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Big plans for Detroit sneaker-exchange store dunked by COVID-19 shutdown

Candice Williams
The Detroit News

Detroit — Frederick Paul II had big plans for his sneaker-exchange company, Fahrenheit 313.

After four years as a pop-up, he had a grand opening in March for his storefront on the Livernois Avenue of Fashion. More than 100 people shopped among the walls of rare and collectible sneakers. Come summer, the 28-year-old expected to expand store hours from weekends to seven days.

Then the coronavirus outbreak struck Detroit, and the expanding plans for the storefront at 20114 Livernois were put on hold.

Fahrenheit 313 owner Frederick Paul shows some of the detail on the Nike Air Jordan 4's in 'Bred', a combination of black and red coloring.

At first, Paul tried curbside pick up. Then came the order from Gov. Gretchen Whitmer that all non-essential businesses be closed. For weeks, he's been among the multitude of small-business owners who have locked their doors.

In late April, Paul launched a "fire sale" offering discount prices on shoes and free shipping, and on May 1, he resumed curbside pick up on Saturdays and Sundays. He made 10 sales within 10 days, he said.

"So business has been pretty steady since we did that fire sale and surprisingly throughout this pandemic," he said. "I thought people would be saving and hoarding their money, which makes sense, but everyone's still been purchasing."

Paul was a cash-strapped college student when he founded his company, formerly called the Heat Factory, in 2016. He began offering rare deadstock and vintage sneakers during pop-up events while balancing work for a sales and marketing firm.

Fahrenheit 313 owner Frederick Paul pulls off the wall some Nike Air Jordan 5's in 'Fire Red.'

He found the location that would become his business’ storefront after receiving a $25,000 Motor City Match space award and the TechTown Retail Bootcamp Pitch Showcase award. A small crew worked several months making cosmetic updates to the building. 

A display of athletic sneakers, including brands Adidas and Nike, line one wall while shop-brand T-shirts and hats line the other. The walls are painted white with yellow industrial stripes and areas of exposed brick. The ceiling and upper perimeter of the walls are blackened, giving the appearance they were scorched by flames.

"When you walk in, we tried to give that aspect as if you’re in an old Detroit factory," Paul said. "We tried to incorporate that grittiness that Detroit has — that hard-working attitude that really is Detroit. We tried to display that in our retail storefront. We were not trying to look like a luxury brand where everything is clean-cut."

Customers can sell their new or gently worn shoes to the store and receive cash or a store credit toward the purchase of another pair. In a sneaker exchange program set to launch this summer members will be able to trade sneakers.

He's still selling sneakers online: The Adidas Yeezy Boost 350 V2 (size 6) in light yellow and gray is selling for $300. The Air Jordan 1 low OG (size 9) in black and red has a $300 asking price.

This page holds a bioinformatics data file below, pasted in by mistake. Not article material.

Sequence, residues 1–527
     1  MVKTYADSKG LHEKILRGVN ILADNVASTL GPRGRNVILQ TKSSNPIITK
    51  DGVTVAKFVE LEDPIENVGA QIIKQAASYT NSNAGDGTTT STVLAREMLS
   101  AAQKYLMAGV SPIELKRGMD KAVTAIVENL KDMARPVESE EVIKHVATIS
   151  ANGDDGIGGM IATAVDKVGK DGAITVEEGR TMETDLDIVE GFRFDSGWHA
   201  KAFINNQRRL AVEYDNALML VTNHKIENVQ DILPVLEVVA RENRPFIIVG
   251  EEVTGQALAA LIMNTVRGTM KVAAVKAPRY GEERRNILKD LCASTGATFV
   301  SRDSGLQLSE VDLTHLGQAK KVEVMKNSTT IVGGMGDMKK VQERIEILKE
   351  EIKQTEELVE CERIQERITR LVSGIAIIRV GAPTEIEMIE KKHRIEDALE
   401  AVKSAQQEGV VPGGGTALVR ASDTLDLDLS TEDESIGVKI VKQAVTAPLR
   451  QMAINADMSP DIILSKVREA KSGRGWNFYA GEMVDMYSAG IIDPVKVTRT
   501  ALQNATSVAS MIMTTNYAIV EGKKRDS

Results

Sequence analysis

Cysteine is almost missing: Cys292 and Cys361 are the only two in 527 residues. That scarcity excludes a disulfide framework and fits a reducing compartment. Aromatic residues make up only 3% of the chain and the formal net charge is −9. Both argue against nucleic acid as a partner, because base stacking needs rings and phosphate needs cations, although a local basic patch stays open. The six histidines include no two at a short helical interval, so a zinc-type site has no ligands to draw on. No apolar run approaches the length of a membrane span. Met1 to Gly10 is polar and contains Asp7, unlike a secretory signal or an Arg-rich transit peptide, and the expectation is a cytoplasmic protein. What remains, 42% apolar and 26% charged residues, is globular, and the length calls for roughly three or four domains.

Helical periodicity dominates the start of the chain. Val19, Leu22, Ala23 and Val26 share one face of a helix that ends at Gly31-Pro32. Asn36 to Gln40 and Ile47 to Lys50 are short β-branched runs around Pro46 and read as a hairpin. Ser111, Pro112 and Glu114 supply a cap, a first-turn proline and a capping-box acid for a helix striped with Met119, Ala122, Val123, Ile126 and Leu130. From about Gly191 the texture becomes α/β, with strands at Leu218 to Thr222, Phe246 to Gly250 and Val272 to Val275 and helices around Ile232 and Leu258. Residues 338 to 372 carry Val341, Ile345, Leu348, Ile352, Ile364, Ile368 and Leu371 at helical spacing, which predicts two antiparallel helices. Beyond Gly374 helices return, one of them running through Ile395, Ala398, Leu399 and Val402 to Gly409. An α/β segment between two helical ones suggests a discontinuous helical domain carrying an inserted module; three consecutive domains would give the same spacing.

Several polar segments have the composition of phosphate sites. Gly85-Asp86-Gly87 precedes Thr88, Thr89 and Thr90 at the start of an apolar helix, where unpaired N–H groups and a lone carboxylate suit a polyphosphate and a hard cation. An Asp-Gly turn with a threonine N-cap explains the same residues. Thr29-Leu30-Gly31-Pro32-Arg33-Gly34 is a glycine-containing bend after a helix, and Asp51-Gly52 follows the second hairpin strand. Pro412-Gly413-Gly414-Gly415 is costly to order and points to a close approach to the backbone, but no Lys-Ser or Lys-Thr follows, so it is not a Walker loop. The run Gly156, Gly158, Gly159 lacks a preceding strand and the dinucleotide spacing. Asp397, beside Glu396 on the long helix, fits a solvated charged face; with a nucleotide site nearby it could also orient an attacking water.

One of his most valuable pair of shoes, Frederick Paul shows off a pair of original 1991 Air Jordan 3's, despite some damage from use.

Paul also launched the Sneaker Madness Tournament 2020 on Instagram with tournament-style brackets where followers can vote on what they think is the hottest sneaker. In the end, one shoe — the Air Jordan 11 “Bred" — was crowned the Holy Grail of sneakers.

This week, Fahrenheit 313 announced a "Mask4Masks" fundraiser where the auction of three custom painted military-style prop masks — similar to one Paul wears in promo materials — will fund the donation of standard face masks to people in need.

"We were trying to find a way we could support people during this time," he said.

Paul's background in marketing will serve him well, said Earl Landsman of Strategic Financial Partners, a business consulting firm in Detroit. Prior to the store opening, Landsman worked with Paul to refine his business strategy. 

"He has a really good insight into the products and who his customers are," Landsman said. 

Like all small-business owners, Paul doesn't know how long it will be before he can reopen his storefront to foot traffic.

He hopes to keep his business afloat with an economic injury disaster loan from the Small Business Administration, grants from the Michigan Economic Development Corp. and an emergency fund from the TechTown business incubator for small businesses in Detroit hurt by the shutdown.

"All the applications and things we had been applying for, they're starting to come back, and we're getting those funds that can help pay rent and keep our store open, so that's been great," he said.

Until then, he's hoping for more online sales in a time when vintage sneakers for many have become non-essential purchases. And like the sneaker tournament, he's planning more online content to keep customers entertained.

“We’re just trying to get everyone’s mind off of everything that’s going on," he said.

Fahrenheit 313 owner Frederick Paul had just had a successful grand opening of his sneaker-exchange store on Detroit's Avenue of Fashion. Then the COVID-19 shutdown hit.

Fahrenheit 313

Located: 20114 Livernois Ave., Detroit

Online: www.fahrenheit313.com

Curbside pick-up hours: 10 a.m. to 6 p.m. Saturdays and Sundays. 

cwilliams@detroitnews.com

Twitter: @CWilliams_DN